11.3 The War at Home

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11.3 The War at Home
How did the war change American
society at home?
Congress Gives Power to Wilson
• The U.S. needed the help of industry to
fight the war; the economy had to change
from making consumer goods to making
weapons and war supplies
• Congress gave direct control over much of
the economy to President Wilson
• He had the power to fix prices and
regulate war-related industries
Continued
• Wilson created the War Industries Board (WIB),
an agency run by Bernard M. Baruch, which
helped boost industrial production by 20 percent
• Other federal agencies regulated the economy
for the war effort, controlling railroads, coal,
gasoline, and heating oil
• Many workers joined unions due to losing
money from inflation; because of this, Wilson
established the National War Labor Board to
help improve working conditions and settle
disputes between management and labor
Selling the War
• The government needed to raise money for the
war, and did so by increasing several kinds of
taxes and selling war bonds; volunteers,
celebrities, and newspapers all promoted the
bonds for free
• To popularize the war, the government created
the Committee on Public Information (CPI), the
nation’s first propaganda agency, headed by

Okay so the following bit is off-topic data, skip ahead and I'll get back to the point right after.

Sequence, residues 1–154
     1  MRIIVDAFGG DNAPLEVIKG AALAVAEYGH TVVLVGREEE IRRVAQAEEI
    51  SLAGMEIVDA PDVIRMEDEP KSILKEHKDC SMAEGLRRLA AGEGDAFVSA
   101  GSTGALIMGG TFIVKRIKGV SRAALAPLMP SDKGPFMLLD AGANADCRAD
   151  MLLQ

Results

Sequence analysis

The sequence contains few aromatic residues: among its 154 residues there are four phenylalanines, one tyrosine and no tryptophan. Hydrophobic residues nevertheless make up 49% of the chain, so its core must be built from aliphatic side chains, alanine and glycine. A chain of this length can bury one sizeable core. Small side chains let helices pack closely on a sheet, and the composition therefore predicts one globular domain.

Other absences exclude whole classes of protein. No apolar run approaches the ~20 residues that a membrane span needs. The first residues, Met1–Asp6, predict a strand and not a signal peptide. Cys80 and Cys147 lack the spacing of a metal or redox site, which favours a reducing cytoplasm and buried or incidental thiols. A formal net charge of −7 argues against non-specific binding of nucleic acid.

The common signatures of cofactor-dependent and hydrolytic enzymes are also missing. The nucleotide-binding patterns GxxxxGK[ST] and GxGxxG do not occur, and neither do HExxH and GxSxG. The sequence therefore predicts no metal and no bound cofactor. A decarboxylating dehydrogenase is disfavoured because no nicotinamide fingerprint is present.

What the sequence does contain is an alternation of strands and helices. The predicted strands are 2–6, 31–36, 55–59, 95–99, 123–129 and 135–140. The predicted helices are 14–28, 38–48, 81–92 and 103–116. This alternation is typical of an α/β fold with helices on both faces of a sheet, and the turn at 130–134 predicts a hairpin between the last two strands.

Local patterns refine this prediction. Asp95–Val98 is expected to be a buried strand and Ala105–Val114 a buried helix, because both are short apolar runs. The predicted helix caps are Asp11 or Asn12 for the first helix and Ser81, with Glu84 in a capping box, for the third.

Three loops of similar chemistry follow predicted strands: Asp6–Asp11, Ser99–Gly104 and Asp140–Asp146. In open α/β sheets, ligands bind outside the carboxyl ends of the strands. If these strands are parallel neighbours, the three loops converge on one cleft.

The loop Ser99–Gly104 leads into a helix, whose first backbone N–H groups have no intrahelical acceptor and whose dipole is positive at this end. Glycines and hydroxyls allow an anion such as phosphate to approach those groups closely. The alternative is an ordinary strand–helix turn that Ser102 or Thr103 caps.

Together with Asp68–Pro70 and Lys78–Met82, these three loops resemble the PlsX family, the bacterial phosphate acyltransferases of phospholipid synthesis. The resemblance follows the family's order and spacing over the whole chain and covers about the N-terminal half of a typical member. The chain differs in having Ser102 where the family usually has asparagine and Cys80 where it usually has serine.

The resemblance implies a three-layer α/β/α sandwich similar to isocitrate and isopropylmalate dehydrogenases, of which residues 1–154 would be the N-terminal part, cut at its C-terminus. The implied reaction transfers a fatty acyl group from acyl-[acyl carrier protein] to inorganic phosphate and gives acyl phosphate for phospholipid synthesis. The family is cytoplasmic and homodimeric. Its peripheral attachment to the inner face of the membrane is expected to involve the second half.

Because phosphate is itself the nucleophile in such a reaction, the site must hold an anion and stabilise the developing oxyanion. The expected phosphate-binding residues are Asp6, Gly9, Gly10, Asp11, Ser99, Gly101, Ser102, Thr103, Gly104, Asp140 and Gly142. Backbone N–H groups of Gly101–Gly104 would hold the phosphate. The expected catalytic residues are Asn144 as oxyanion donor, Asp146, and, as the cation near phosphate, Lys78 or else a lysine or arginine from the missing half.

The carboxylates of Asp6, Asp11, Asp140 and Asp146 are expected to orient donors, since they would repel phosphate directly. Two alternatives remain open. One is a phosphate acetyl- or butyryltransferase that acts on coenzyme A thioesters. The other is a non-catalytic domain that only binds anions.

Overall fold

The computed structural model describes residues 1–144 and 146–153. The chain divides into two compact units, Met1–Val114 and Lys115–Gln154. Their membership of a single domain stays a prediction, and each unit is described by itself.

George Creel, a former muckraking journalist
• He used artists and advertising people to create
thousands of posters, paintings, and cartoons to
promote the war
Attacks on Civil Liberties Increase
• The war brought out many anti-immigrant
feelings, especially against Germans; Americans
with German sounding names lost jobs,
orchestras refused to play German music, and
some towns with German names changed them
• Congress passed the Espionage and Sedition
Acts to punish people who did not support the
war effort in any way
• These laws violated the First Amendment, and
led to 6000 arrests and 1500 convictions for
antiwar activities, especially against socialists
and union leaders
The War Encourages Social
Change
• The war sped up the Great Migration, which was
the movement of thousands of African
Americans from the South to cities of the North;
they wanted to escape racial discrimination and
find jobs in Northern industries
• American women did jobs that had previously
been done only by men; their activities made
them more visible and soon after the war,
women were finally granted the right to vote